There are many ways to get lost in the wilderness. Following an obvious road, trail, or feature such as a stream or shoreline prevents most from becoming lost, but travelers striking off cross-country might become disoriented-especially in conditions of poor visibility or in difficult terrain.
Anytime characters cannot see at least 60 feet due to reduced visibility conditions, they might become lost. Characters traveling through fog, snow, or a downpour might easily lose the ability to see any landmarks not in their immediate vicinity. Similarly, characters traveling at night might be at risk, too, depending on the quality of their light sources, the amount of moonlight, and whether they have Darkvision or Low-Light Vision.
Any character in forest, moor, hill, or mountain terrain might become lost if he moves away from a trail, road, stream, or other obvious path or track. Forests are especially dangerous because they obscure far-off landmarks and make it hard to see the sun or stars.
If conditions exist that make getting lost a possibility, the character leading the way must succeed on a Survival check or become lost. The difficulty of this check varies based on the terrain, the visibility conditions, and whether or not the character has a map of the area being traveled through. Refer to the table below and use the highest DC that applies.
|Desert or plains||14|
|Moor or hill||10|
|Urban, ruins, or dungeon||8|
|Proper navigational tools (map, sextant)||+4|
Check once per hour (or portion of an hour) spent in local or overland movement to see if travelers have become lost. In the case of a party moving together, only the character leading the way makes the check.
If a party becomes lost, it is no longer certain of moving in the direction it intended to travel. Randomly determine the direction in which the party actually travels during each hour of local or overland movement. The characters’ movement continues to be random until they blunder into a landmark they can’t miss, or until they recognize that they are lost and make an effort to regain their bearings.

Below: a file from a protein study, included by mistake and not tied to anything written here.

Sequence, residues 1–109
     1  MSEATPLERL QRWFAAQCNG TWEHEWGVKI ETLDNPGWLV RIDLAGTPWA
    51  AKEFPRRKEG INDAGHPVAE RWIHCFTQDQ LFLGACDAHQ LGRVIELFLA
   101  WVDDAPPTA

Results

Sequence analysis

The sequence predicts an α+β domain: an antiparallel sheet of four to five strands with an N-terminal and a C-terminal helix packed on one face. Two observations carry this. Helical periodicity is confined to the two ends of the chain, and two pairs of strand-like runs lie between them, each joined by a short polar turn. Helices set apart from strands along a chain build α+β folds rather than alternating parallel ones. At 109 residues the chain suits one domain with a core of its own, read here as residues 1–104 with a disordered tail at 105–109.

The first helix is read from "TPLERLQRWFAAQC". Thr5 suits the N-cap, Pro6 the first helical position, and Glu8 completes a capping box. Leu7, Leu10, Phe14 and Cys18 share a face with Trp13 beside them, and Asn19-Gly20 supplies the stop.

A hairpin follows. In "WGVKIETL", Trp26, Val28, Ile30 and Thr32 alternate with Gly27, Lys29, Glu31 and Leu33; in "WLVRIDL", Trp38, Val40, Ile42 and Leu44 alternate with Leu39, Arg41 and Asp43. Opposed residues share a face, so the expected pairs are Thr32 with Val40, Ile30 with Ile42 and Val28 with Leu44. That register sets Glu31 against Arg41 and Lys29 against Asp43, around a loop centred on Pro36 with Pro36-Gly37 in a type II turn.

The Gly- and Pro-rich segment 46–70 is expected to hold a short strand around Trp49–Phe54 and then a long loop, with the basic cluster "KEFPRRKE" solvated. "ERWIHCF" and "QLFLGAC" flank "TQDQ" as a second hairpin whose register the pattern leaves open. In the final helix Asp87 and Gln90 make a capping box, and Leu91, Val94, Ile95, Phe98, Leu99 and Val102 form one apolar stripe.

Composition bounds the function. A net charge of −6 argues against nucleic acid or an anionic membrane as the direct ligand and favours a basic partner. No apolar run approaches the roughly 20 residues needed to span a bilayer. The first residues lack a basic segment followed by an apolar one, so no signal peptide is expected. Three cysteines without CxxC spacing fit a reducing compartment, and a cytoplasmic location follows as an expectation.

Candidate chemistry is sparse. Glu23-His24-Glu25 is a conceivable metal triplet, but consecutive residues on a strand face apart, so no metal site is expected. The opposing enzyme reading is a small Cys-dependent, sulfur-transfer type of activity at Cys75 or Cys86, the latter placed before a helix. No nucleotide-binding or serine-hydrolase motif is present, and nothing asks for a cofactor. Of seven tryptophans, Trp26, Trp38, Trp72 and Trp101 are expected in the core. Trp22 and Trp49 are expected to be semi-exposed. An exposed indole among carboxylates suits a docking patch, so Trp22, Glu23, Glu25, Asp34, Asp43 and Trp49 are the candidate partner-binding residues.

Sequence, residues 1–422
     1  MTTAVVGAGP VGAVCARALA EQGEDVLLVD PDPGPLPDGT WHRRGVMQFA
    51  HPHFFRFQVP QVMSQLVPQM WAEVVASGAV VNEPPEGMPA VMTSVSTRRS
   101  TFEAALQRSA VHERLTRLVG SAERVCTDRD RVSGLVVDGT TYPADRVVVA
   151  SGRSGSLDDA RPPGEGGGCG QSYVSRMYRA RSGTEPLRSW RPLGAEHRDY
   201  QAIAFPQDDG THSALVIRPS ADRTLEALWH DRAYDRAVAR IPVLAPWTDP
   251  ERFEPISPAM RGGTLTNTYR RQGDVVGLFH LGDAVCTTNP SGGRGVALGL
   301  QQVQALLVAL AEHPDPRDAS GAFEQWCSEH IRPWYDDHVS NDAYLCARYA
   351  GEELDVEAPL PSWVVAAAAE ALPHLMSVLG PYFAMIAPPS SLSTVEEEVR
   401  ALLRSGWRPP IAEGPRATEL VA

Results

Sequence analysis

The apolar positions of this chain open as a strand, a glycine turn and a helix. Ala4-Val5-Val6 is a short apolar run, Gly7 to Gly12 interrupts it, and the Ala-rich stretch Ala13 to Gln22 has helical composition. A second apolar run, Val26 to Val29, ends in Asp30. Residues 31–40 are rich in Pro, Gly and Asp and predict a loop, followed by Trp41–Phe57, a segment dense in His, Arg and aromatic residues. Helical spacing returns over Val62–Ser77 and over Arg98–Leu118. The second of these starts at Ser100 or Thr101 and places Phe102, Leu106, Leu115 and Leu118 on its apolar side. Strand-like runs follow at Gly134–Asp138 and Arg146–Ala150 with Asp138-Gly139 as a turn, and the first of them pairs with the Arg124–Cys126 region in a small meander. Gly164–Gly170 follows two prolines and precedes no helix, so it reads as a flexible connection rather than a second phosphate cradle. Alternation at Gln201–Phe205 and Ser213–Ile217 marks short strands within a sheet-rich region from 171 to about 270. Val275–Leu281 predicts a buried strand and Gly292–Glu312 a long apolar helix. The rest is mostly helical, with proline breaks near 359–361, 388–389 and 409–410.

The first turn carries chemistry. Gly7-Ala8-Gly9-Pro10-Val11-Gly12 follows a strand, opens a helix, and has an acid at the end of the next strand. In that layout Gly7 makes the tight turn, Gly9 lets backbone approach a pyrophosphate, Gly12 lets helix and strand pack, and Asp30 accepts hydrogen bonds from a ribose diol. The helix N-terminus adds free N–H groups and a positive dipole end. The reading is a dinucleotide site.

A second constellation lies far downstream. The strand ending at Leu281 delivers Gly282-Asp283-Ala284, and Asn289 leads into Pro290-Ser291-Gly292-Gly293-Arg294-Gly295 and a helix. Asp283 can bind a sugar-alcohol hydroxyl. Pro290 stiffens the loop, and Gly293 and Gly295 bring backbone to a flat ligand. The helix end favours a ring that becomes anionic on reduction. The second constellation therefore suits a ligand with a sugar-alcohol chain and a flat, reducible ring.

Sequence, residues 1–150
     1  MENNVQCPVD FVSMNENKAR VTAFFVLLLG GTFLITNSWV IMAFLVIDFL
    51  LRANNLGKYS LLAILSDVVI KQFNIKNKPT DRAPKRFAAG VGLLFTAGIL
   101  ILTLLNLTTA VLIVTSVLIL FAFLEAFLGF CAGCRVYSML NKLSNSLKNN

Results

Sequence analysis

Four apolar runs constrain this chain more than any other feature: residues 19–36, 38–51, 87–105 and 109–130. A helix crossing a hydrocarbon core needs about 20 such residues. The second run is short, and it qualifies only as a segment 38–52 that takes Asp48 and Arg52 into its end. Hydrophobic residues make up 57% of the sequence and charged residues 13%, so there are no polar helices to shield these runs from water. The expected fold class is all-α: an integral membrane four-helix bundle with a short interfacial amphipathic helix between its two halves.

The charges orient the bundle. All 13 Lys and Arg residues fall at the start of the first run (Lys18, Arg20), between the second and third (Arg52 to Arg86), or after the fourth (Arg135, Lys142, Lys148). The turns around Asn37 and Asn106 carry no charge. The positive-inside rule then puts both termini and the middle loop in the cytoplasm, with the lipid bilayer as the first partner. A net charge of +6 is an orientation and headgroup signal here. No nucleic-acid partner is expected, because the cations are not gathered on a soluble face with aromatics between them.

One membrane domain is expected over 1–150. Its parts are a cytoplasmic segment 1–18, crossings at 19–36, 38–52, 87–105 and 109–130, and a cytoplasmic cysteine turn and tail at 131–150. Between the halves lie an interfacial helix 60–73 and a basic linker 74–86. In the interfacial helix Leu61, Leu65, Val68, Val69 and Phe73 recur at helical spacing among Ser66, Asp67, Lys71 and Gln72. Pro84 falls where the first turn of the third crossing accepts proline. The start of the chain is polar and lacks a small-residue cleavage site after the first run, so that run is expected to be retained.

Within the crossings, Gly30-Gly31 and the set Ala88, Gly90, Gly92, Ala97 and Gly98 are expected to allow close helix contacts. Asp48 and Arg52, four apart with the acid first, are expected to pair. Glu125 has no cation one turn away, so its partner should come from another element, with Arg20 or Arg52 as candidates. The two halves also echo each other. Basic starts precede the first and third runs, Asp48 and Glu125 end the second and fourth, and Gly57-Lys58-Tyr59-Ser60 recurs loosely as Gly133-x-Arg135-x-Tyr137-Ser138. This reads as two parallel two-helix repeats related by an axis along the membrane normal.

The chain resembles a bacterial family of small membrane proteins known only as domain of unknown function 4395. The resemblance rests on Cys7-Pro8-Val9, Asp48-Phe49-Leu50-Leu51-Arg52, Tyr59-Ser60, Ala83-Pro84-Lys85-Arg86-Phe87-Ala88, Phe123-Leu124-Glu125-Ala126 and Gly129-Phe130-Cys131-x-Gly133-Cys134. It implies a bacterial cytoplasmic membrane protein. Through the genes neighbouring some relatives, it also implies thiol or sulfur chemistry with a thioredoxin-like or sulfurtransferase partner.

Recognizing You’re Lost: Once per hour of random travel, each character in the party may attempt a Survival check (DC 20, -1 per hour of random travel) to recognize that he is no longer certain of his direction of travel. Some circumstances might make it obvious that the characters are lost.
Setting a New Course: Determining the correct direction of travel once a party has become lost requires a Survival check (DC 15, +2 per hour of random travel). If a character fails this check, he chooses a random direction as the “correct” direction for resuming travel. Once the characters are traveling along their new course, correct or incorrect, they might get lost again. If the conditions still make it possible for travelers to become lost, check once per hour of travel as described above to see if the party maintains its new course or begins to move at random again.
Conflicting Directions: It’s possible that several characters may attempt to determine the right direction to proceed after becoming lost. Make a Survival check for each character in secret, then tell the players whose characters succeeded the correct direction in which to travel, and tell the players whose characters failed a random direction they think is right, with no indication who is correct.
There are several ways for characters to find their way after becoming lost. First, if the characters successfully set a new course and follow it to the destination they’re trying to reach, they’re not lost anymore. Second, the characters, through random movement, might run into an unmistakable landmark. Third, if conditions suddenly improve-the fog lifts or the sun comes up-lost characters may attempt to set a new course, as described abov, with a +4 bonus on the Survival check.